Kill the contacts who are spamming without regard to your time and I bet you see some value. Heck some of the people you remove from friends will wonder why and it will make them treat the system better going forward.

  9. Susan

    Linkedin is very iseful if it’s used the way it should be. I never link to people I don’t know personally. I once introduced two people in my network, one was hiring and the other one was the right person for the job.

  10. Christoph

    Your MySpace approach does not work well with Linkedin as other commenters have already pointed out. Only build your network with people you know and you will be fine. In your position it is almost natural that will try to abuse your power/position to get in touch with people they would never be able to meet at all.

    Christoph

  11. Steve Tylock

    As others have said – the problem is you have untrusted connections. If the _only_ people you connected to were part of your well trusted network, and your good friend John forwarded a request that said his good friend Mary wanted to work on a business deal with your good friend Jim, wouldn’t you want to help make that happen?

    So – LinkedIn allows you to remove connections. Go to your connections screen and find it – select it, then check every connection that represents someone you don’t personally know, and remove that connection.

    You will stop getting requests from people you don’t know wanting you to forward their request to other people you don’t know – or heaven forbid people you do know!-)

    That will “fix” your problem – and in the future, only connect to people you know well.

  12. datter

    I’d agree with the comment above. It’s great for building a list of trusted contacts, but not so great when used as a myspace clone. hell, we already have enough myspace clones.

    datter

  13. Peter Davis

    I don’t think this is really a problem with LinkedIn. I don’t mean to sound rude, but I think you set yourself up for it by becoming a high-profile person on the web, and by asking people to connect to you on LinkedIn publically.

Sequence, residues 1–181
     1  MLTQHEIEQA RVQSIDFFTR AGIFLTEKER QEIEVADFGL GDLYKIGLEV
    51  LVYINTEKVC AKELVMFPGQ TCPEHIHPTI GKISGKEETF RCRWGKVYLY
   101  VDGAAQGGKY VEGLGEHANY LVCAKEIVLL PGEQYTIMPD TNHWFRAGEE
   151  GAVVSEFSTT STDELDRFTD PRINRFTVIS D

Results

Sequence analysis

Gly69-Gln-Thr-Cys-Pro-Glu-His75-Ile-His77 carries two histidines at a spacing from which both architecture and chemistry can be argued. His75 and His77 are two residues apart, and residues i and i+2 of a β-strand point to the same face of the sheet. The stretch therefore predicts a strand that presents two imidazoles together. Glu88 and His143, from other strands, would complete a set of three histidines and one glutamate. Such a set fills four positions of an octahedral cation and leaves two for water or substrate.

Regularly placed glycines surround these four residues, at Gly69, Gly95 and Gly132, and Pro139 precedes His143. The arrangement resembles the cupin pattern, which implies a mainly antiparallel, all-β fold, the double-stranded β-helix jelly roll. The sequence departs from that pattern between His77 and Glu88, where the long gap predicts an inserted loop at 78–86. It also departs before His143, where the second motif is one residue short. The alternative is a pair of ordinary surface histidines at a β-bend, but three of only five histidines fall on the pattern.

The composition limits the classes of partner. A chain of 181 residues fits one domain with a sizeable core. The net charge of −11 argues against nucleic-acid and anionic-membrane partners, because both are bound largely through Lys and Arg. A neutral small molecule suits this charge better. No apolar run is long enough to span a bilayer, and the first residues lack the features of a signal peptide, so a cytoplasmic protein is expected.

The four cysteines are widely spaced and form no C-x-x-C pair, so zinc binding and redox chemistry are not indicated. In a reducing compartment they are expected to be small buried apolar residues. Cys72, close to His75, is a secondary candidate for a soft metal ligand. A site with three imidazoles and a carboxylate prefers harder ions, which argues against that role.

It sounds like you were using LinkedIn like you were using MyBlogLog.

    When you’re building a house, do you use a hammer to cut a two-by-four? No, you use a saw.

    Different tools do different jobs.

    I’ve been using LinkedIn a bit. This week, for example, I was able to make contact with CEOs of two companies (Sedo and Chitika), through LinkedIn.

    When you use it for what it’s meant to do, it can be a good shortcut. I’m sure I could have made contact with those two through other means, like a phone call for example. But, LinkedIn was a short-cut. It saved me time.

    That’s, in my opinion, what LinkedIn is for, not to see who can build the biggest network.

    The people who were sending frivilous contacts to you, or through you, maybe should be dropped off your contacts list.

    It’s not the tool that’s at fault. It’s the people using (or misusing) it.

  14. Pingback: Friday Tea Time » TheMadHat

  15. cx

    Hey shoe, why are your comments littered with spam like:
    [...] some idiots spam about your post [...]

    Can’t you filter that out of your comments? I know its supposed to be a trackback, whatever that really means, but it looks like spam.

  16. Pingback: One Powerful Word

  17. Lea

    LinkedIn, and all these other ‘professional contact’ networks, have most value when used to keep track of who *you* know.
    If you let it be used by other people to ‘track’ you, its value to you is reduced.

  18. Pingback: Earl Grey`s Blog » Blog Archive » Shoemoney speaks wisdom here

  19. Carsten Cumbrowski

    “trusted”? Please elaborate. “Would steal horses with” trusted? or “Probably not rip you off” trusted?

    “personally know”? As in meet in person? We are Internet marketers. People have perfectly fine business relationships without ever having meet in person. I remember a scene from Affiliate Summit where an Employer (OPM) was meeting some of its employees for the first time in person.

    A linked in connection does not (and should not) automatically imply that I endorse somebodies business or businesses (who is not doing multiple things nowadays). I you want to do that, use the “endorse” feature. That is separate and not build in automatically in the “connect” module.

    I already stated in an earlier comment that was voted down what I think about the whole thing. Nothing changed that opinion yet.

  20. Pingback: Going on a LinkedIn Diet « Securitas Operandiā„¢

Comments are closed.